Shawn “Jay Z” Carter’s rise to the top the American economic ladder is now almost legendary — a legend he helped build through autobiographical rhymes over 17 years and 17 studio albums. Listeners have followed him from rags to riches and identified with his story along the way. However, a recent survey finds that some of the rapper’s younger fans may not be buying it anymore.
He may be among Time magazine’s most influentialpeople, but Jay Z was found to be one of the least influential celebrities, according to a survey of millennials conducted by branding expert Jeetendr Sehdev. Sehdev questioned a group of 1000 on public figures ranging Tom Brady to Hillary Clinton and found that, while Jay Z is popular with many Americans, his ability to persuade millennials is impeded by what they see as his growing lack of authenticity.
In the survey, Jay Z scored 70 percent lower in measures of trustworthiness and honesty than did celebrities like Morgan Freeman and Jennifer Lawrence. And Sehdev says it’s the rapper’s very vocal focus on profit that’s his problem.
“Millennials questions his approach to loyalty, whether it be to a business deal or his fans,” Sehdev says. “His motivations to just make money can be viewed by this audience as self-centered, even if they may be business savvy.”
Kevin Reevers, 25, a freelance digital designer, says he’s been listening to Jay Z’s music since the rapper’s 1996 debut with Reasonable Doubt. He says, coincidentally, it was authenticity that built Jay Z’s brand in the beginning but, like the millennials surveyed, Reevers says Jay Z’s image has taken a hit over the years.
“His music was so grounded and attainable that most could identify with it,” Reevers told theGrio. “In contrast, people can’t relate to Tom Ford, owning Basquiat paintings, and Yacht parties. That’s not to say a rapper can’t become a businessman and maintain his credibility but it’s the materialism – the more you focus on this unattainable lifestyle, the more you alienate your audience.”
Of course, Jay Z faced perhaps the biggest challenge to his brand recently when his partnership with Barney’s department store came under scrutiny after several allegations of racial discrimination were made against the retailer. Even The Daily Show called him out for standing by the company.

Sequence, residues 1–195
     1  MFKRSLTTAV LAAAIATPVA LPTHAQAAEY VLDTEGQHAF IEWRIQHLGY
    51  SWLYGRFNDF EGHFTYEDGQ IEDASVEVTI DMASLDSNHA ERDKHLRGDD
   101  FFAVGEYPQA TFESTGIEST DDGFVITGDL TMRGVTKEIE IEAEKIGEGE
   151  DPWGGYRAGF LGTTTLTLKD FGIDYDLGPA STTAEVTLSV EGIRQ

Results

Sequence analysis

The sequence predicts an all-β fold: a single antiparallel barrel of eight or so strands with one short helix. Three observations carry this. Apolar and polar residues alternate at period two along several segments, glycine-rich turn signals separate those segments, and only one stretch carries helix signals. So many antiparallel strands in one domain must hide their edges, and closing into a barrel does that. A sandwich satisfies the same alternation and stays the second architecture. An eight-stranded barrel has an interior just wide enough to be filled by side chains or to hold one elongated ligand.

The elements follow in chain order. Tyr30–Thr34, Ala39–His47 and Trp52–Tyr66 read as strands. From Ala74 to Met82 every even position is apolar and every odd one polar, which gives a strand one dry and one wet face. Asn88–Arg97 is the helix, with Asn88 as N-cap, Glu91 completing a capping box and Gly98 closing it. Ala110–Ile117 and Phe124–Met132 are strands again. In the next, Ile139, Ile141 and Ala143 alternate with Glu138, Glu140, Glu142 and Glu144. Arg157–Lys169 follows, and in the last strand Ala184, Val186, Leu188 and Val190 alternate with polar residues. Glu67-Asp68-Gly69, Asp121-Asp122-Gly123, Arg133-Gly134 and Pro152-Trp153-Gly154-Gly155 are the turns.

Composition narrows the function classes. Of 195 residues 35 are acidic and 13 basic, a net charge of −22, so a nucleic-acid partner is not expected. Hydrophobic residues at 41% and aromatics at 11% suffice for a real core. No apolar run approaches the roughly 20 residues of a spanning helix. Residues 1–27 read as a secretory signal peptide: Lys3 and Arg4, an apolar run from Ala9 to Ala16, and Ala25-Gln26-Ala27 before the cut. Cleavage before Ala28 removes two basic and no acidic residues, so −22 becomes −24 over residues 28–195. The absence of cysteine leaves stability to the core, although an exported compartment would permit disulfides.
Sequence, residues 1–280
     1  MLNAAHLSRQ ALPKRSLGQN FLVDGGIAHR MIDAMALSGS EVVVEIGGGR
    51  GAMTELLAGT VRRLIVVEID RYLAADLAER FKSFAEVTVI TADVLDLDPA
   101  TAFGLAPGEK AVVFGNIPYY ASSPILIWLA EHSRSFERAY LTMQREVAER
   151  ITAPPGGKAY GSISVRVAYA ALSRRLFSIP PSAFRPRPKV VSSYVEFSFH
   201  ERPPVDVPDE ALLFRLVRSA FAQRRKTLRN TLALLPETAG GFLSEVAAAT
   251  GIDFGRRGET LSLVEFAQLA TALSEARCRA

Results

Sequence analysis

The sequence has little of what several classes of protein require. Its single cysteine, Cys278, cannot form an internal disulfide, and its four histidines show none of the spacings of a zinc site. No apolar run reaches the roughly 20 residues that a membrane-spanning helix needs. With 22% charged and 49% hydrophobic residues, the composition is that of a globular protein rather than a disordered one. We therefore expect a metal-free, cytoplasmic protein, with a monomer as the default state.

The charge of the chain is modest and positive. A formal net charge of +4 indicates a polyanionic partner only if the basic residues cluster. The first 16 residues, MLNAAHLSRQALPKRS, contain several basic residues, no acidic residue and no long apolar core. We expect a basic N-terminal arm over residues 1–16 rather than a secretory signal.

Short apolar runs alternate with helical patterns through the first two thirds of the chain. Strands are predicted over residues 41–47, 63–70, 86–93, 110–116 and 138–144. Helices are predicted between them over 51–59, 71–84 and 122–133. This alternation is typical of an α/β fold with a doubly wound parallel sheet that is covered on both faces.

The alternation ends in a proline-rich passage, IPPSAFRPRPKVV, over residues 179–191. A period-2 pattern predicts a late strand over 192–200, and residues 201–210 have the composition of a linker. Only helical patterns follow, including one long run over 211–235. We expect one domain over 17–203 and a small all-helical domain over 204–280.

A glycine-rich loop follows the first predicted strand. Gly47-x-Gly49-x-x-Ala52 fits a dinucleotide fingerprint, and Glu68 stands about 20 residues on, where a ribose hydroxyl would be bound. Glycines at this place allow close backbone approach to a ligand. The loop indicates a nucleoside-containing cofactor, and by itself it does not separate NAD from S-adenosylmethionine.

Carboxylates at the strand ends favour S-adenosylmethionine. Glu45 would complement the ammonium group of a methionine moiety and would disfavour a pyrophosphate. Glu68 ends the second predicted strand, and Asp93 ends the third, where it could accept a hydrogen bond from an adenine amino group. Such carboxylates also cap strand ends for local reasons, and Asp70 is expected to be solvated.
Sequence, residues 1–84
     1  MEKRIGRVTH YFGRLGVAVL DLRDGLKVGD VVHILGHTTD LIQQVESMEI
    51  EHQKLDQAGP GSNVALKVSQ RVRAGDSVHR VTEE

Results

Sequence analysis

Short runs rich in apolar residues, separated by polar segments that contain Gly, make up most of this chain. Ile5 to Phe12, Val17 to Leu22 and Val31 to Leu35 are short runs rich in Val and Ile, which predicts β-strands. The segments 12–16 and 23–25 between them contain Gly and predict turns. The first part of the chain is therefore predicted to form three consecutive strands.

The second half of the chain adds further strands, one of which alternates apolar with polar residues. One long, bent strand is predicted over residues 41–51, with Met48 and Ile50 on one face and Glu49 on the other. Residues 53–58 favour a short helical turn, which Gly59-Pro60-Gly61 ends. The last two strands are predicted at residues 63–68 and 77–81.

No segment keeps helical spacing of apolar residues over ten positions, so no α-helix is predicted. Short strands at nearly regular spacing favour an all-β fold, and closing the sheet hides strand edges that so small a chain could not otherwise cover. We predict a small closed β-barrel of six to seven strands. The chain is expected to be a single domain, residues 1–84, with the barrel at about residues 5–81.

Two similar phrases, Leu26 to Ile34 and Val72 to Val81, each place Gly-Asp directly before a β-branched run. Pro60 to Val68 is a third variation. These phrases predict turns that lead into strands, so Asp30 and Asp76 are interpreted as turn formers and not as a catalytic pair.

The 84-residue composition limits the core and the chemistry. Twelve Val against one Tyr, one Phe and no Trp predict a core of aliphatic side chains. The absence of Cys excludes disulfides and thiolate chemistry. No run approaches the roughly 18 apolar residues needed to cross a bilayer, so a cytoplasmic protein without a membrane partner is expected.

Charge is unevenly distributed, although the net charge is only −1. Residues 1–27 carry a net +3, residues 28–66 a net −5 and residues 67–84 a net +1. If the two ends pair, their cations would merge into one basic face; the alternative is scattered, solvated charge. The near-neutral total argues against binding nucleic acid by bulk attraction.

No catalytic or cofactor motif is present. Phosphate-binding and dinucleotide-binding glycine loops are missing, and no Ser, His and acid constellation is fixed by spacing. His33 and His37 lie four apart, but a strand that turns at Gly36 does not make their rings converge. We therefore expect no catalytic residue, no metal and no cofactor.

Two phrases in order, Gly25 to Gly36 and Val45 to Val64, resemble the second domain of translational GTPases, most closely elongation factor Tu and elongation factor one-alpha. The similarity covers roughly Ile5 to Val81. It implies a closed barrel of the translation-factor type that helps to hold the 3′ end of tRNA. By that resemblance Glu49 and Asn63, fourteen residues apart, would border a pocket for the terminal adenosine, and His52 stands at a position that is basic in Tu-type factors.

The show’s “Senior Black Correspondent” Larry Willmore said in a November segment, “Jay Z doesn’t care about black people…he doesn’t care about black people who want him to boycott Barney’s and I don’t blame him…These days Jay Z’s too big of a commercial force to rail against the danger of the man. He is the danger. He is the one who frisks. He’s not Jay Z, he’s Jay Z Penny.”
“The Barney’s situation showed that Jay Z has always been profits over people. His delayed response was disturbing, plus the Belafonte snafu. Those incidents illustrate his distance from the realities that his fans face,” says Reevers.
Amid questions over Jay Z’s dealings as a businessman, an upcoming film is set to shine a light on the business acumen that took him from Brooklyn Marcy Projects to corporate America’s biggest boardrooms.
A Genius Leaves The Hood is the unauthorized story of Jay-Z and a new documentary by Moguldom Studios. Executive vice president of Moguldom and executive producer of the film Barion Grant says the film shows, while Jay Z’s brand may be facing challenges, it’s built to last.
“He’s been very wise in not abandoning his core audience while expanding at the same time,” Grant told theGrio. “But I don’t think you can expand in the way Jay Z has and not take your core audience with you. At the end of the day, when Jay Z pops up on a song, he still has credibility as a rapper.”
Ultimately, Grant says, the rapper and businessman is more than capable of weathering bad press and attacks on his public image.
“The benefit that Jay Z has in navigating through all of this is being a black American. It’s what a lot of black professionals experience. It’s double consciousness. We have to be able to operate in many spheres,” Grant says. “There’s always this conversation for us of someone being real or authentic or a ‘sellout.’ Ultimately, it’s how you respond that matters. What do you say when people challenge your credibility? I think Jay has navigated that incredibly well.”